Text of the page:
Before the film, I was ambivalent about the blue-cat design. Never once bothered me during the film, though I did fear for my eyes during the love-making scene.

DANCES WITH WOLVES was there, but this is a story told long before DANCES WITH WOLVES. I was actually more reminded of many soldiers' experiences during the Vietnam War. Having falling in love with the natives, they start to turn against America. Kind of a different angle on APOCALYPSE NOW.

The only dud scenes were those featuring mostly human actors. Cameron really gave very little for Ribsi, Weaver, Rodriguez, etc. to work with. Did they shoot all these scenes in one day, with only first takes?

And the story was definitely thin, but Cameron keeps it bumping along and loved the Na'vi scenes.

Obviously it's most worth watching on a gigantic 3-D screen. Seeing it for the first time on DVD is kind of pointless. It's the definition of spectacle, well worth the price of admission.
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Originally Posted by devincf
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"Invites the imagery" is simply beyond the point. It's not in the movie.

A few pages back, you cited facts in the movie's script and screenplay as a basis for one of your arguments (that the Navi were evolutionarilly inconsistent with the rest of the world). Here, however, you poo-poo someone else's argument because it's not in the movie.

If "not in the movie" is the basis for your argument, doesn't that exclude script and screenplay?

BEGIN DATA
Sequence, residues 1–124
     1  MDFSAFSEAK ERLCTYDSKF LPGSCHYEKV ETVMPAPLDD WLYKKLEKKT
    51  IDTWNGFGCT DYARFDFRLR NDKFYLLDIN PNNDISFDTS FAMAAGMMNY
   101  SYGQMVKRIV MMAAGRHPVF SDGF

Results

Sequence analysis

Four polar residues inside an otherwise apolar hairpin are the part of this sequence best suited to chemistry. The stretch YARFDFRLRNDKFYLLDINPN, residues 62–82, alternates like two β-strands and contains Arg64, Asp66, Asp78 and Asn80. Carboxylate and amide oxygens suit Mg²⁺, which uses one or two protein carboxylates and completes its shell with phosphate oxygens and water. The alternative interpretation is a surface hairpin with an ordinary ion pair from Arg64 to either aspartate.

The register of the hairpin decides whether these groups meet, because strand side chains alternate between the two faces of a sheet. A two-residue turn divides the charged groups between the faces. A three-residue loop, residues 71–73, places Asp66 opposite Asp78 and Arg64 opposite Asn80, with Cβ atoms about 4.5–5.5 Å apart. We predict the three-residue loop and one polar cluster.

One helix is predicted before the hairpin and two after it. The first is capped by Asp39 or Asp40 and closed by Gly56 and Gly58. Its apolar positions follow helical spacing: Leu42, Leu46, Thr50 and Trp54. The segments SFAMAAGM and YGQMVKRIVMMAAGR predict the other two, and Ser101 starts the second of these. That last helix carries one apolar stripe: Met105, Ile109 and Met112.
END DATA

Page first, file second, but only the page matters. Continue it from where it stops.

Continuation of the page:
I don't agree or disagree with the argument you're having (Frankly, "what is Sci-Fi" is like the "What Is a Role Playing Game" discussion; with enough thought you can apply it to anything) , but I'm honestly curious about how you can explain this discrepancy.

While most of my thoughts for the movie have already been said, you know what I would have found very interesting?

If Unobtanium was depicted not as a mineral that Earth wants for pure financial gain, but a substance that is essential part of a cure for a disease ravaging Earth. Paint the picture that Earth needs 100,000KG of Unobtanium to save humanity, has only found 1,000 kg of it near earth, and it took 900kg of that to realize they needed it.

It makes the military's push to nullify the Navi ASAP a bit less jarring, and makes the "Aliens Sent Back To Dying World" a bit more literal.
After reading many of these posts, I have determined that the usual Chewer can write a better movie than Avatar, one which is more rich in conflict and moral dilemma, like any good piece of storytelling.